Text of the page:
By Thomas Garcia: Quay County Sun
Former Rattler football star Billy Jack Turnbeaugh is being considered for the list of nominees for the Alabama Sports Hall of Fame.
If inducted, Turnbeaugh will be in the company of sports greats such as baseball’s Henry “Hank” Aaron, football’s Joe Willie Namath, and basketball’s Charles Barkley.
“It will be a tremendous honor if I am accepted to be voted on.” said Turnbeaugh, who now lives in Nevada.
Turnbeaugh played as a defensive tackle for the Auburn Tigers from 1951-1952. He was an All-South Eastern Conference defensive tackle in 1951. And in 1952, Turnbeaugh was voted most valuable player by Auburn’s “A” club members. In the same year, Colliers Magazine (Aug. 30) designated Turnbeaugh as the “Unsung College Lineman of the Year.”
Turnbeaugh only played for Auburn his sophomore and junior years and was drafted for the Korean war after his junior year. Following his military service, he returned to Auburn and completed his education and graduated in 1956 with a degree in history and physical education.
For consideration in Alabama’s Sports Hall of Fame, the former Rattler has to be sponsored by a resident of Alabama and submit a biographical history that includes his statistical accomplishments in sports. Turnbeaugh will then be voted onto a waiting list of inductees for the Hall of fame. Once on the list he will remain on there until he is inducted or dies.
Turnbeaugh’s sponsor is Tom Bryan, a former Auburn Tiger and a resident of Opelika, Ala. Like Turnbeaugh, he’s had a lifelong association with football. Bryan is a member of the Auburn Football Lettermen Club (AFLC), an organization of former Auburn football players who provide scholarships to the children of former Auburn players children and support former players in times of hardship.
“Mr. Turnbeaugh seems like a very nice gentlemen,” Bryan said. “I am happy to support him in his efforts to be inducted to the Alabama Sports Hall Of Fame and hope he is successful in doing so.”
Turnbeaugh’s submission to the Hall Of Fame will be June 1, 2007.
Turnbeaugh’s football career began at Rattler Stadium, where he played tackle for the Rattlers from 1945 to 1948. He was selected to play on the All-State Team in 1948 and was chosen as the New Mexico Linemen in 1948. Turnbeaugh also was co-captain and played in the North vs. South All-star game of 1949.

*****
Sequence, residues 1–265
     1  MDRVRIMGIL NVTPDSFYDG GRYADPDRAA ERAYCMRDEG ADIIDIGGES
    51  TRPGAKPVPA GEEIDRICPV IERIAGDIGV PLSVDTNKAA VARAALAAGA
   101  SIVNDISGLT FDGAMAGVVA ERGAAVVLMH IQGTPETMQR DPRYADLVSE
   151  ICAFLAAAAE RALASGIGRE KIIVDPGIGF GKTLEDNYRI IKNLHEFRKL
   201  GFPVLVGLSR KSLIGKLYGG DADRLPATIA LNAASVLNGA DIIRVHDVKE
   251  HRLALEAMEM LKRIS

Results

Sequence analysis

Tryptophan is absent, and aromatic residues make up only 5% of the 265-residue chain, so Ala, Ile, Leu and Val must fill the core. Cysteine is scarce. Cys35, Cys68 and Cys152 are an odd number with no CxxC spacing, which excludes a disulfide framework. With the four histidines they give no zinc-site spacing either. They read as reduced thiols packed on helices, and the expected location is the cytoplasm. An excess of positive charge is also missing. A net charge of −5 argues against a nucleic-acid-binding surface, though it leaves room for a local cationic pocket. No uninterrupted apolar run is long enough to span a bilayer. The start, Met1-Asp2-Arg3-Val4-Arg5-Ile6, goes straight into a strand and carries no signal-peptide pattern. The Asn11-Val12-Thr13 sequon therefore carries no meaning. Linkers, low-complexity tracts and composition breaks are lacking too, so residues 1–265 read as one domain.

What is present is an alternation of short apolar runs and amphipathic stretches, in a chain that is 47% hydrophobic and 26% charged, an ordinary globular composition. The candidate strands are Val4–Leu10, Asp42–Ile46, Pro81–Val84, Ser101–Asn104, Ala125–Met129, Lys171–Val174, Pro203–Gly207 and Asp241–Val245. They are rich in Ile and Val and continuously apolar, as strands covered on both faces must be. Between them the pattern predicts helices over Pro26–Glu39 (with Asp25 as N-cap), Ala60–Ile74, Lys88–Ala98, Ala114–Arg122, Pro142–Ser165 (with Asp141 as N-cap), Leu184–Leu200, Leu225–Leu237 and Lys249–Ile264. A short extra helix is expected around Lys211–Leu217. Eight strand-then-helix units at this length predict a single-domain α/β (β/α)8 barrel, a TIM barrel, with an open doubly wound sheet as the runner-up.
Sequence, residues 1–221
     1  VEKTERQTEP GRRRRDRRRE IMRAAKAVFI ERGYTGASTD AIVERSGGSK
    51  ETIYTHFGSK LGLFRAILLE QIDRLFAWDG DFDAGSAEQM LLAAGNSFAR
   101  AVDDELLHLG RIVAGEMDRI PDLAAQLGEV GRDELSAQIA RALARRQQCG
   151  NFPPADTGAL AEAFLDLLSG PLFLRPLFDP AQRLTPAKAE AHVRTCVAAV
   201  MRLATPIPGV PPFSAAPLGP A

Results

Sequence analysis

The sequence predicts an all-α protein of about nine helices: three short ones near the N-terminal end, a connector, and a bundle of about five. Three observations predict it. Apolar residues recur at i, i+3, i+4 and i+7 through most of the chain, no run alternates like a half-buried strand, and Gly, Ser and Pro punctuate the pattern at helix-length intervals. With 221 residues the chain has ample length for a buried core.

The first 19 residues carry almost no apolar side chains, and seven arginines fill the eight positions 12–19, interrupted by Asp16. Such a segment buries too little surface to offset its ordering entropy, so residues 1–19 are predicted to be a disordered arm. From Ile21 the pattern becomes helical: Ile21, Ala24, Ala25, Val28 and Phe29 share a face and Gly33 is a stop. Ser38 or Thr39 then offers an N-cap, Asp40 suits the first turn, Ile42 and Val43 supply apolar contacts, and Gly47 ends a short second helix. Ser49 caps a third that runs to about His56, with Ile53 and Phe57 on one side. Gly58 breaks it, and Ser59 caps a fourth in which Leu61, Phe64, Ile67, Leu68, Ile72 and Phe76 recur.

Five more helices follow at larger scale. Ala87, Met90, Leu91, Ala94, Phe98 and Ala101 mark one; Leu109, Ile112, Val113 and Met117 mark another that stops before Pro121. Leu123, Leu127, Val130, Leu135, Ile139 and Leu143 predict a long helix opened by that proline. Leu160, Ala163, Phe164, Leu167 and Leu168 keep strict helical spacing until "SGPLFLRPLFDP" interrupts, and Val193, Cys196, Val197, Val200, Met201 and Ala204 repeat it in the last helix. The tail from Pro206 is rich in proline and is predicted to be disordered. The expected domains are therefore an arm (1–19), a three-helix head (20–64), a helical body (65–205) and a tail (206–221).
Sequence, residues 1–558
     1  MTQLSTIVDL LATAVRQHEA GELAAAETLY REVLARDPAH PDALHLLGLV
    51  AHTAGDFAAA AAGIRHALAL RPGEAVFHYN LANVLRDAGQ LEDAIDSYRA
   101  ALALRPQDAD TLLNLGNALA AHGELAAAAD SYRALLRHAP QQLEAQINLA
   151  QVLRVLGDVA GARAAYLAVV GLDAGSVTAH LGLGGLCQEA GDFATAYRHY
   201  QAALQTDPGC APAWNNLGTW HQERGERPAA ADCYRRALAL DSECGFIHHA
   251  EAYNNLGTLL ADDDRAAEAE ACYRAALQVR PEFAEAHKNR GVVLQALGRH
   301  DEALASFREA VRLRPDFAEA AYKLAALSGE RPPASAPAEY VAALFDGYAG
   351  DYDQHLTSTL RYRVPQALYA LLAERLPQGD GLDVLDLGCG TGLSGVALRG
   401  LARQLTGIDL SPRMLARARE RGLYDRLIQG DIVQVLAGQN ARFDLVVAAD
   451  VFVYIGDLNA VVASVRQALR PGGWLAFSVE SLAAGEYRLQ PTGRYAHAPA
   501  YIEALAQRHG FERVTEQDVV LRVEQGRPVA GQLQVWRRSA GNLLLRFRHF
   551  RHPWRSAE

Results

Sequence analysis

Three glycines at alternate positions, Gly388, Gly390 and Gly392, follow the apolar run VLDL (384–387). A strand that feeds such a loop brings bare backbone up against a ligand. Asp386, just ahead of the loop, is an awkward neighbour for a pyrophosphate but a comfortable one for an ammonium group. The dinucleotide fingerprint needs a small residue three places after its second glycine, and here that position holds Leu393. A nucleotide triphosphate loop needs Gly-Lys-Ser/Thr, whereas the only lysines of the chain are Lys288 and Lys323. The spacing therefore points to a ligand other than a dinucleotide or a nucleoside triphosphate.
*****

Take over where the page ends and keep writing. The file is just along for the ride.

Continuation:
Following graduation, he attended Eastern New Mexico University. He then transferred to Cameron State Junior College in Lawton, Okla., in 1950 where he played his freshman year where he was later recruited by Auburn.
He played for the Auburn Tigers from 1951-1952. In 1953 Turnbeaugh was drafted by the Green Bay Packers but was unable to attend training camp because he was drafted by the U.S. Army to serve in Korea.
When Turnbeaugh arrived in the east, his orders to Korea had been rescinded. He was re-assigned to Tokyo, Japan were he was the head coach for the Army’s regimental football team, the Bulldogs. He coached and played for the Bulldogs from 1953 to1955, when he was discharged from the Army.
Turnbeaugh returned to the states, attended the Packers training camp in July of 1955 but he opted not to play pro ball.
“When you sign to play professional you sign for ten years. In those ten years, there is a lot of physical abuse on your body. I decided I did not want to go through that abuse,” Turnbeaugh said.
Instead he returned to Auburn and completed his college education.
After college, Turnbeaugh joined the faculty at Palo Duro High School in Amarillo where he taught history and was assistant coach for the football and basketball teams. In 1961, he returned to Tucumcari and worked for the Broce Construction companies as an officer manager and a year later worked in Broce’s Oklahoma office until 1968. He came back to New Mexico in 1968 and worked for Wood Construction Co. based in Albuquerque. There, he met his wife Ruby Lee.
He later took a position at the White Sands Missile Range until 1972 when he moved to Nevada in 1975 and was employed with the Nevada State Welfare Division. He retired as district manager in December of 1989.
Since his retirement in 1989, Turnbeaugh has lived in western Nevada. But he remains in contact with former Rattler, Tiger and Bulldog teammates. He made a hit at a recent Rattler reunion when he introduced his book, “Tucumcari High School Rattler Football Greats through the Decades, 1920s-1990s.” And he looks forward to the annual Rattler Reunion in August each year.
“My health kept me from attending the last reunion. But I fully intend on attending the reunion next year to meet with old friends,” he said.
Turnbeaugh completed this week, his biographical and statistical booklet for consideration by the hall of fame consideration.
But he’s already got another football project in the works. Turnbeaugh said he plans to compile booklets on each of the decades of Rattler football history that he worked on for his book.
“There is so much information from over the years that I was not able to put into the first book due to lack of space. I want to make that information available for prosperity so future generations will be able to look back and see our Rattlers History,” Turnbeaugh said.